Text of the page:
All eighteen students in my College Writing course this fall showed up prepared and on-time for their 15-minute, one-on-one meetings with me during week three of the semester.
I’ve recently gotten into the habit of tuning into AM radio while getting ready in the morning–sometimes listening specifically for the news; other times just enjoying the voices and occasional musical interludes that make for relaxing background noise. The other day, to my initial delight, I heard a guy mention one of my favorite literary protagonists: Emma Bovary.
While my graduate writing program at UofM is on break for the summer, I’ve adopted Chicago as my temporary home.
There’s no disputing that I’m a tightly wound person. Once, I was so nervous about serving beer at a party I threw in my parents’ basement, that I numbered the beer cans and made people sign them out. Years later, in the middle of a Mardi Gras Crawfish Boil in New Orleans, I snuck into the host’s house to check my email for updates about a class project.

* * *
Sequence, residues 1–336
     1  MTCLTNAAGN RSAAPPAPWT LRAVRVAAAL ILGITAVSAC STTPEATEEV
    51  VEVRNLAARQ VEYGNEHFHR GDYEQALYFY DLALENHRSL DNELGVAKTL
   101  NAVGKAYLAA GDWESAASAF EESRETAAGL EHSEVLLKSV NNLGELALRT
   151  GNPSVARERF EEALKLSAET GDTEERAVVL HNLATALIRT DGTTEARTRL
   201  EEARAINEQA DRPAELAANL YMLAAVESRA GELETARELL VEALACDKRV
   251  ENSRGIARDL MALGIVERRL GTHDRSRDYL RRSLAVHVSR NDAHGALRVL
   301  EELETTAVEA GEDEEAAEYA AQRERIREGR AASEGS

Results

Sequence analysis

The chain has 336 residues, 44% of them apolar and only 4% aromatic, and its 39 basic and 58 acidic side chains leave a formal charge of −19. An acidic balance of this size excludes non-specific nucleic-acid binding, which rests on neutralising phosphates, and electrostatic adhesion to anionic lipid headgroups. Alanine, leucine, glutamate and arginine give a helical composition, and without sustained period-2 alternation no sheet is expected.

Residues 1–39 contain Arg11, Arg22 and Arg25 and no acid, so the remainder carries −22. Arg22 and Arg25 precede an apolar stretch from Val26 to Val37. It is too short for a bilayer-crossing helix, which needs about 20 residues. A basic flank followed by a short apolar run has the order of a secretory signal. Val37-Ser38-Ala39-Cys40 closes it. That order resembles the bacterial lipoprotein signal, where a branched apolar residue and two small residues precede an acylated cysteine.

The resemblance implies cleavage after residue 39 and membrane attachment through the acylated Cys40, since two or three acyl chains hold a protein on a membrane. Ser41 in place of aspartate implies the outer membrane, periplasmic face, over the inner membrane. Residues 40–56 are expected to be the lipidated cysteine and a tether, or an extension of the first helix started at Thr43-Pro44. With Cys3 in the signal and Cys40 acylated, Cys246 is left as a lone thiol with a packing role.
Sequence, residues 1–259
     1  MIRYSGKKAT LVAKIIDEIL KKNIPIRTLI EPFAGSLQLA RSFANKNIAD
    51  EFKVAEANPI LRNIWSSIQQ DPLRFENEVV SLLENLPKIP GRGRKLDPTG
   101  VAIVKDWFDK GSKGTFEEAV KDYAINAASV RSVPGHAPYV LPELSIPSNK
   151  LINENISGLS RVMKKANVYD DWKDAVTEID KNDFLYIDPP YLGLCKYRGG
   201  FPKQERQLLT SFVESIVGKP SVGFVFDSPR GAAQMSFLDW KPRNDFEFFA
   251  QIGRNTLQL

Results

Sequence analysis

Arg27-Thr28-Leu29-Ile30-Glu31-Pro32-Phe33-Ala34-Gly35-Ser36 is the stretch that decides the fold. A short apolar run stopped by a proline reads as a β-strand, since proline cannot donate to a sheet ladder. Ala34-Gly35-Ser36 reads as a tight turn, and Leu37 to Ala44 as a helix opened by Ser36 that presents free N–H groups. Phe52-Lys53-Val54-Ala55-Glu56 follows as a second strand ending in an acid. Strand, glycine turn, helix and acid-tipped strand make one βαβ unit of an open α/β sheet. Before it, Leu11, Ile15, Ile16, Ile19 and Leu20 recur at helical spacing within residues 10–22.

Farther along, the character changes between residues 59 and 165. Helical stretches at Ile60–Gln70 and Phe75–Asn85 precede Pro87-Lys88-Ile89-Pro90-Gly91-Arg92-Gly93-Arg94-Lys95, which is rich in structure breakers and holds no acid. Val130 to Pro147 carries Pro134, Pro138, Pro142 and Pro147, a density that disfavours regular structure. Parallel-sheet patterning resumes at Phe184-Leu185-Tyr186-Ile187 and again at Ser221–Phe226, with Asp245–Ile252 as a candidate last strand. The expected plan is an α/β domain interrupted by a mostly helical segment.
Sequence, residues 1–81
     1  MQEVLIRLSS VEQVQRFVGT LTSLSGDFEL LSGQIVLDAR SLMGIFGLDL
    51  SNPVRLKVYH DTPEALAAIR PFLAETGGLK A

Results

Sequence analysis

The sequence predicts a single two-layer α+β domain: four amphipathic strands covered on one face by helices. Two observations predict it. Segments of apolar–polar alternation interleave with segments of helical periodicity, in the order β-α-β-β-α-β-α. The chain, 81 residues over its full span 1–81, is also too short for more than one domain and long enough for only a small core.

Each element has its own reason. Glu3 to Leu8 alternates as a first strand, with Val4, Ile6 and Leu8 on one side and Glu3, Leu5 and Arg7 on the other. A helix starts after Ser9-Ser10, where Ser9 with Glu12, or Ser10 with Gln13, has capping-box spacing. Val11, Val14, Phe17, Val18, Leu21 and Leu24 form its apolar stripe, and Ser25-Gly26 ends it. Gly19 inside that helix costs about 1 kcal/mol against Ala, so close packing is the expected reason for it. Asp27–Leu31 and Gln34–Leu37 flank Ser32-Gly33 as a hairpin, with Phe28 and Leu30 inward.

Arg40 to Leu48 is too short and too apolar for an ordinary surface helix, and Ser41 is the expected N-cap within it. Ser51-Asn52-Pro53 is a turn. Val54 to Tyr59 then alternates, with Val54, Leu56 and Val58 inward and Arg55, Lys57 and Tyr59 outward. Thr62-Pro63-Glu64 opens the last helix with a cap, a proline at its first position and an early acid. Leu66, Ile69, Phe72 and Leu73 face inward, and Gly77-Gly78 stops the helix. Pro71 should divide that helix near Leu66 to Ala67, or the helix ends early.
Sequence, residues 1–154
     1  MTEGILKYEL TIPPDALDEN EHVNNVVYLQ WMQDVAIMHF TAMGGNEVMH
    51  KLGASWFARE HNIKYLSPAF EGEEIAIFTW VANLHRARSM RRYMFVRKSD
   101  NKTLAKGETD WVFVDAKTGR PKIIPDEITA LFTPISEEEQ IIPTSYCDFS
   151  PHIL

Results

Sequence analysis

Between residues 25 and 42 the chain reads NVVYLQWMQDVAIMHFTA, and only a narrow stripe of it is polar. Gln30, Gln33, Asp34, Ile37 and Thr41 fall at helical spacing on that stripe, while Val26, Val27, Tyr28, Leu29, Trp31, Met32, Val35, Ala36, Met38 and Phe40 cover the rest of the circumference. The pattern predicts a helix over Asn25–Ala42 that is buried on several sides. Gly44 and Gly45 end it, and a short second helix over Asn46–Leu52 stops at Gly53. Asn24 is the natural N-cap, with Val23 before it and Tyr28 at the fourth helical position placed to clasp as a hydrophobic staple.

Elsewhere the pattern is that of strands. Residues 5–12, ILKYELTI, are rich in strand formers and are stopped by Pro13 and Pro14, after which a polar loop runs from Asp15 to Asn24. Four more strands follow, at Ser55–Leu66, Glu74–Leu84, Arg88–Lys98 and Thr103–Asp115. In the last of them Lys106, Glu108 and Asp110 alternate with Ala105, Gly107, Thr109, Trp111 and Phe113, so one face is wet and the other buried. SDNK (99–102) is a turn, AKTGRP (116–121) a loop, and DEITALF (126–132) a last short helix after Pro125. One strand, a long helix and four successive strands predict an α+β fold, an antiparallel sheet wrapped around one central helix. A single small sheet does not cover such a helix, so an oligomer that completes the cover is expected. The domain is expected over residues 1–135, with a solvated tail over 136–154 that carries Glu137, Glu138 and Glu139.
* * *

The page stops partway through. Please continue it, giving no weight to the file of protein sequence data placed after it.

Apparently, everyone got the memo on American Born Chinese before I did. Published in 2006, Gene Luen Yang’s graphic novel is flush with accolades: a National Book Award Finalist, winner of the Michael L Printz Award, and a “top” pick of multiple publications, including the San Francisco Chronicle, Time Magazine, and Publisher’s Weekly.